Cell culture, DNA transfection and plasmids
HEK293 and HeLa cells were cultured in Dulbecco’s modified Eagle’s medium (Hyclone, Logan, UT) supplemented with 10% foetal bovine serum, 100 U/ml penicillin and 100 μg/ml streptomycin at 37 °C in 5% CO2. DNA was transfected using polyethylenimine (Sigma-Aldrich, St Louis, MO) as described previously46. siRNA was transfected by lipofection (Lipofectamine Plus; Invitrogen, Carlsbad, CA). Human WT-OGT, mutant OGT, WT-β-galactosidase and mutant β-galactosidase were cloned into the p3xFLAG-CMV™-7.1 Expression Vector (Sigma-Aldrich, St Louis, MO). Human importin proteins were cloned into pRK5 in frame with an N-terminal Myc epitope. Human MEF2C was cloned into pEXPR-IBA105 Strep tag vector (IBA, Goettingen, Germany). The OGT mutants with deletion of residues 451–453 and substitution of residues 451–453 to alanine and β-galactosidase fused to DFP were generated by PCR. The other OGT mutants, including OGT-W198E, I201D (Trp198 mutated to glutamate and Ile201 mutated to aspartate), OGT-S381A (Ser381 mutated to alanine), OGT-T383V (Thr383 mutated to valine), OGT-S389A (Ser389 mutated to alanine) and OGT-T394V (Thr394 mutated to valine), were generated using the QuikChange Site-Directed Mutagenesis Kit (Stratagene, La Jolla, CA). The mutations were confirmed by DNA sequence analysis. To generate GST-tagged importin α5, the cDNA encoding full-length importin α5 was cloned downstream of the GST coding sequence in pGEX-5X (Clontech, Rockville, MD).
Reagent and antibodies
Thiamet-G was kindly provided by Dr Kwan Soo Kim (Yonsei University, Seoul, Korea) and 5-thio-GlcNAc was kindly provided by David Vocadlo (Simon Fraser University, Canada). Antibodies were used against Flag (F-3156, mouse monoclonal, Sigma-Aldrich, St Louis, MO), Myc (B-14, mouse monoclonal, Santa Cruz, Dallas, Texas), GST (9E10, mouse monoclonal, Santa Cruz), α-tubulin (TU-02, mouse monoclonal, Santa Cruz, Dallas, Texas), β-actin (C-2, mouse monoclonal, Santa Cruz, Dallas, Texas), lamin A/C (#2032, rabbit polyclonal, Cell Signaling, Beverly, MA), MEF2C (#5030, rabbit monoclonal, Cell Signaling, Beverly, MA), OGT (DM17, rabbit polyclonal, Sigma-Aldrich, St Louis, MO) and importin α5 (SAB2500572, goat polyclonal, Sigma-Aldrich, St Louis, MO). CTD110.6, an antibody against O-GlcNAc, was purchased from Covance (Princeton, NJ).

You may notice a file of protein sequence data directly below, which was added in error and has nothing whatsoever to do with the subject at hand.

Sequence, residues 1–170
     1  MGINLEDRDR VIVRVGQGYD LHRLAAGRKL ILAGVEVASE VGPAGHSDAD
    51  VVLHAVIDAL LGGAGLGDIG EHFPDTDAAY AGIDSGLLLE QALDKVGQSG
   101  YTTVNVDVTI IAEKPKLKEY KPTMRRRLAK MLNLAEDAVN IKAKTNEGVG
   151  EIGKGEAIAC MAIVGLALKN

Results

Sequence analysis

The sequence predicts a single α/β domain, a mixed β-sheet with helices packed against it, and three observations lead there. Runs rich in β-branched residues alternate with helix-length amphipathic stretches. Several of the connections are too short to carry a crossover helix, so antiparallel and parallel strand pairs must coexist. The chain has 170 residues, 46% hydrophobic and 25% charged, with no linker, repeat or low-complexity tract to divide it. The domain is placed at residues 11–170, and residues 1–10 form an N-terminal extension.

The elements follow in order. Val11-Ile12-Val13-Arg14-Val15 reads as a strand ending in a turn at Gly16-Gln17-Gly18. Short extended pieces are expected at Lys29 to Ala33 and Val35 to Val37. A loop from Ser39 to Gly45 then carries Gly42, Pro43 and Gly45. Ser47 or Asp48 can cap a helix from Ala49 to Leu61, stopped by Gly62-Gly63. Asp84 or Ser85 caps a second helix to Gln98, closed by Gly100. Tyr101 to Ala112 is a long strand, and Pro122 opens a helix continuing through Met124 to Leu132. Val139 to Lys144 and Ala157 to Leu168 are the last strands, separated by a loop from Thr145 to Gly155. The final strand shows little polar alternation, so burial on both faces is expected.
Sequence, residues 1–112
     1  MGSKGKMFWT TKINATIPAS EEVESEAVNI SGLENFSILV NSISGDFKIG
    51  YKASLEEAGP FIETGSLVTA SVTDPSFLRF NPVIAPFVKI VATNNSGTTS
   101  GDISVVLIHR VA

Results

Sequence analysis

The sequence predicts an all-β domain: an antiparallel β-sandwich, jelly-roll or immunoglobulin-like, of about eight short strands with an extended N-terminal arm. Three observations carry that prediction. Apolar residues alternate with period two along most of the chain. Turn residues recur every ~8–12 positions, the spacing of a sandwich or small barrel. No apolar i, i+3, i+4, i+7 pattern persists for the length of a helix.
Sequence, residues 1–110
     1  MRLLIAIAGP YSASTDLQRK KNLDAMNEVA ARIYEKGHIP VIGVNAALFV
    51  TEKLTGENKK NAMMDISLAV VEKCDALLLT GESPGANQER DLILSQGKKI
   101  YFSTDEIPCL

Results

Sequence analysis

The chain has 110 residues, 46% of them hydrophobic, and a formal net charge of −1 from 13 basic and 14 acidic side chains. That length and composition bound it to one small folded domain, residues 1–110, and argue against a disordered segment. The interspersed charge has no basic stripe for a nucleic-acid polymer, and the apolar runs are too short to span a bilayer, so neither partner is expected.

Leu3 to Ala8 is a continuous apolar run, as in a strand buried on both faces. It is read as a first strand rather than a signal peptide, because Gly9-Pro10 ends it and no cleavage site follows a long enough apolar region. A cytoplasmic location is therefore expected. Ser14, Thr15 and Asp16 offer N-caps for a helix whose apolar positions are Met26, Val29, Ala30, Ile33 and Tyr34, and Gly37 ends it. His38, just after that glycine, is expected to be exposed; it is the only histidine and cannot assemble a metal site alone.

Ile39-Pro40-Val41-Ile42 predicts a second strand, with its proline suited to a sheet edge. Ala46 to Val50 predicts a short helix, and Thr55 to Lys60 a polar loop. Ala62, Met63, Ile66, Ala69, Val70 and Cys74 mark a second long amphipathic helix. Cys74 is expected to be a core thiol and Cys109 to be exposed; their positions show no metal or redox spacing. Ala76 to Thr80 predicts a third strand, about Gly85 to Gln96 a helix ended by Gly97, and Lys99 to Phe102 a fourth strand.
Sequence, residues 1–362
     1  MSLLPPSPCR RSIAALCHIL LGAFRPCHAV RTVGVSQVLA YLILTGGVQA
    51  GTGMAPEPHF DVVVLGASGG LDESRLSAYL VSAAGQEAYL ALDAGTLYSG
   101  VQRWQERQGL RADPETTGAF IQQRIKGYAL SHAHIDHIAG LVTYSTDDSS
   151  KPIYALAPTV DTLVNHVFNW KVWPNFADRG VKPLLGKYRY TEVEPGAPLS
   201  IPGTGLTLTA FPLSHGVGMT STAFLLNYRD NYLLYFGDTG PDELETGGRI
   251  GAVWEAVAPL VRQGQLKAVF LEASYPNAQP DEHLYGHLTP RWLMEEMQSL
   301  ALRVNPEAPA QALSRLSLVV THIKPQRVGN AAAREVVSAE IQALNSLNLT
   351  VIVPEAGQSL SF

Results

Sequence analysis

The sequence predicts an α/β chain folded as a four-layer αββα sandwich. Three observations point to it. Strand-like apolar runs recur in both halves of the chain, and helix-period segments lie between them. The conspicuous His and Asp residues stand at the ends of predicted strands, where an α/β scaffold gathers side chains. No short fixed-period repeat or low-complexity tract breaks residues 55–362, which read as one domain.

Western blotting, immunoprecipitation and GST precipitation
For western blotting, cells were lysed in NET buffer (150 mM NaCl, 1% Nonidet P-40 [NP-40], 50 mM Tris-HCl and 1 mM EDTA, pH 8.0) supplemented with a protease inhibitor cocktail (Roche, Mannheim, Germany) for 30 min on ice. Protein concentrations were determined by the Bio-Rad protein assay (Hercules, CA). Protein samples were subjected to reducing SDS-PAGE and transferred to nitrocellulose membranes (Amersham, Piscataway, NJ). For immunoprecipitation, cell lysates were gently mixed with specific antibodies and protein A/G beads (Santa Cruz, Dallas, Texas) for 4 h at 4 °C. Immunoprecipitates were washed three times with lysis buffer, eluted with SDS sample buffer and subjected to reducing SDS-PAGE. For co-immunoprecipitation, cells were lysed in co-immunoprecipitation buffer (50 mM Tris-HCl, pH 7.4; 150 mM NaCl; 0.5% NP-40; 1 mM DTT; 0.1 mM EDTA and a protease inhibitor cocktail) and incubated with Flag antibody-conjugated A/G beads for 3 h at 4 °C. Thereafter, the beads were washed three times with co-immunoprecipitation washing buffer (20 mM HEPES, pH 7.4; 2 mM MgCl2; 2 mM EGTA; 150 mM NaCl and 0.1% Triton X-100), suspended in sample buffer and subjected to western blotting. Recombinant GST-importin α5 was purified using Glutathione-Sepharose 4B (GE Healthcare), and 5 μg of beads containing bound proteins were incubated with pre-cleared cell lysates for 2 h at 4 °C. The precipitated proteins were washed extensively and subjected to western blot analysis.
Cells were grown on precision coverslips (0.17 ± 0.01 mM thickness; Glaswarenfabrik Karl Hecht GmbH & Co KG, Sondheim, Germany) and preparation of the cells were described previously47. For immunofluorescence analysis, mouse monoclonal anti-Flag antibodies (1:5000) were applied for 2 h, followed by rinses (2 × 5 min) in PBS containing 1% bovine serum albumin and incubation with the appropriate fluorescent secondary antibodies for 1 h. DAPI was used to stain nuclei. After rinsing, coverslips were mounted on glass slides with Mowiol. Immunofluorescence was recorded with a Zeiss LSM 510 confocal microscope (Zeiss, Jena, Germany) using a Plan-Apochromat 63× objective (1.4 NA). Meta Imaging Series® MetaMorph software (Meta Series Software 7.7.0; Molecular Devices) was used to quantify the data by taking densitometry readings of five separate locations within the nucleus and cytoplasm of each cell.
SDS-PAGE and in-gel digestion
The eluted OGT sample was loaded onto a 4–12% Bis-Tris NuPAGE gel (NOVEX, San Diego, CA) for electrophoresis and stained with Coomassie Brilliant Blue (Sigma-Aldrich). The gel bands corresponding to OGT were excised and subjected to in-gel tryptic digestion following a general protocol48,49. Briefly, OGT bands were destained with 50% (v/v) acetonitrile (ACN) prepared in 25 mM ammonium bicarbonate and 100 mM ammonium bicarbonate for 15 min. Proteins were reduced with 20 mM DTT at 60 °C for 1 h and then alkylated with 55 mM iodoacetamide at room temperature for 45 min in the dark. After dehydration, the proteins were digested with 12.5 ng/μl analytical grade porcine trypsin (Thermo Scientific Pierce, Rockford, IL) prepared in 50 mM ammonium bicarbonate overnight at 37 °C. Peptides were then extracted from the gel pieces with 50% (v/v) ACN prepared in 5% formic acid, dried under a Centrivap concentrator (Labconco, Kansas City, MO) and stored at −20 °C until use.